Tourists at viewpoint, South Rim, Grand Canyon National Park, Arizona, USA
Tourists at viewpoint, South Rim, Grand Canyon National Park, Arizona, USA (Photo: iStock)

Have 50 Years of Overcrowded Parks Taught Us Nothing?  

For decades, park leaders have predicted that swarms of tourists could ruin public lands. Is anyone heeding their advice?

Tourists at viewpoint, South Rim, Grand Canyon National Park, Arizona, USA

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After World War II, Americans flush with cash and vacation time (then a new concept) started exploring national parks in droves. After 1945, the final year of the war, visitation skyrocketed. Yellowstone alone saw 189,000 people—more than double the year before. In the early 1960s, by the time the first baby boomers were getting driver’s licenses, Old Faithful’s audience had grown tenfold.

These crowds pushed the parks to their limits. The infrastructure at nearly every park, starved of funding during the war, struggled to handle the tourists. As Sara Dant, a historian at Weber State University, writes in her book Losing Eden, the National Park Service struggled to live up to its founding mission of conserving ecosystems while also opening them up for the enjoyment of all, a task that at times felt contradictory. “With ‘tourism’ as its prime directive,” she writes, “the newly minted Park Service struggled to reconcile protecting the sublime and providing pit toilets.” In 1953, conservationist and author Bernard DeVoto wrote in Harper’s that until Congress produced enough funding to manage them properly, parks should “be temporarily closed and sealed, held in trust for a more enlightened future.”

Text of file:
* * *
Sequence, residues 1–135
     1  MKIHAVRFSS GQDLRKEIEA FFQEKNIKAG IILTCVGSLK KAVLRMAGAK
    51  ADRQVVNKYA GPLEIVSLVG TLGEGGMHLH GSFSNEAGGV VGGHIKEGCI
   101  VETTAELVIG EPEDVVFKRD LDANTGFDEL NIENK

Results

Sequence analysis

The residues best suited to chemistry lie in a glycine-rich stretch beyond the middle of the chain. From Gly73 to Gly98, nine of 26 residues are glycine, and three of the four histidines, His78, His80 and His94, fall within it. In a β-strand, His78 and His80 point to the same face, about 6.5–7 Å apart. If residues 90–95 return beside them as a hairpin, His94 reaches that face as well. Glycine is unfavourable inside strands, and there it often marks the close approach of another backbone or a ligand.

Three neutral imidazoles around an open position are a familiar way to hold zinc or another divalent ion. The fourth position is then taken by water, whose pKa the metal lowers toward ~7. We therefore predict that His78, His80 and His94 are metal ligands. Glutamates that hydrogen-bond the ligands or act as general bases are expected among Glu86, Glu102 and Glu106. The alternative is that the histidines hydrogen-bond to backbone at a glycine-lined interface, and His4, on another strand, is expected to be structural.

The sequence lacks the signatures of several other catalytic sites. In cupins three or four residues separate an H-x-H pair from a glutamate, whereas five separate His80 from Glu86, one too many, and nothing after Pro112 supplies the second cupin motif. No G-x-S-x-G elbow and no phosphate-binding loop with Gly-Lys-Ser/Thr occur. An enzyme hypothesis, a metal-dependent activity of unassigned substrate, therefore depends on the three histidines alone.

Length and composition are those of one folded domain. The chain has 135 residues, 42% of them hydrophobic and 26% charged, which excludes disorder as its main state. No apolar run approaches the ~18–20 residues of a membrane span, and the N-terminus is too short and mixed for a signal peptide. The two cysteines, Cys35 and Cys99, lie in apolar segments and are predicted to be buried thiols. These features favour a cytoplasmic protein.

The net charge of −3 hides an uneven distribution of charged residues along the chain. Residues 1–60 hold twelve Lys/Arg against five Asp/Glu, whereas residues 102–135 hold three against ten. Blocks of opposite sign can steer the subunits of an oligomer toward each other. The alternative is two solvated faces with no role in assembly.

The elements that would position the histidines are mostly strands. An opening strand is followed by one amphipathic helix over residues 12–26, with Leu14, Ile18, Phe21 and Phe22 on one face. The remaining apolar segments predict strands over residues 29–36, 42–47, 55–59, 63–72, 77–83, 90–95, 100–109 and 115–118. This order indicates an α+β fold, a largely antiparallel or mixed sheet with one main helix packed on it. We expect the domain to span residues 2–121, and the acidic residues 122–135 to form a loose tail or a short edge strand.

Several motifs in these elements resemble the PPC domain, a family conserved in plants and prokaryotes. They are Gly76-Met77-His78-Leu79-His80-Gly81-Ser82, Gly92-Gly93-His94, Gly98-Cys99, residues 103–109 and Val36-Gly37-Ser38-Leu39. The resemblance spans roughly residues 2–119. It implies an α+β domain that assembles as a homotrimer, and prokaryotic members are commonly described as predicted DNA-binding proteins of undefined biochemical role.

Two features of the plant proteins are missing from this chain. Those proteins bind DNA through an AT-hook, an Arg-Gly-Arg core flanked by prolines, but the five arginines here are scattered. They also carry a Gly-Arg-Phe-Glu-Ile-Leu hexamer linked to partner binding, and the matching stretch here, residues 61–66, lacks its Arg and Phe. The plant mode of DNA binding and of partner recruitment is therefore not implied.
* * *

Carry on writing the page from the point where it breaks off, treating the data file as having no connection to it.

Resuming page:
The parks never closed. And the enlightened future never arrived. Overcrowding remains common at the most popular national parks, and the Park Service faces a maintenance backlog of nearly $12 billion. In hearings before House and Senate committees earlier this month, Interior Secretary Ryan Zinke defended his idea to raise entrance fees by saying, “When you give discounted or free passes to elderly, fourth-graders, veterans, disabled, and you do it by the carload, there’s not a whole lot of people who actually pay at our front door. So, we’re looking at ways to make sure we have more revenue in the front door of our parks themselves.” (The reason for these hearings, paradoxically, was to justify President Donald Trump's call for a 17 percent cut in funding to the NPS.)

So, while Zinke bemoans parks being “loved to death,” we find ourselves asking a 50-year-old question: Will tourists kill national parks?

The answer—and the solution to the problem—might come from a little-known report published in 1967 by then Park Service Special Assistant Ronald E. Lee. At the time, Americans were around zipping the country after a decade-long highway, lodge, and visitor center construction binge known as Mission 66. Lee saw this frenzied movement and studied how this explosion of tourism would alter America’s greatest landscapes. In the report, he cited four trends that were profoundly shaping parks and continue to do so today: population growth, car travel, the growing popularity of outdoor recreation, and ecosystem preservation. All, Lee suspected, would cause park visitation to skyrocket. The Park Service, he cautioned, needed to prepare accordingly: “For only a little while longer can the Service meet the pressures of increased travel by additional development without unacceptable impairment of park values.”

In Lee’s estimation, that challenge would become increasingly difficult. His visitation predictions were a tad high—he thought 1.32 billion visitors would materialize by 2000, but the record high, set in 2016, was a billion shy of that. Those lofty expectations, however, allowed him to consider overcrowding in a long-term, pragmatic fashion.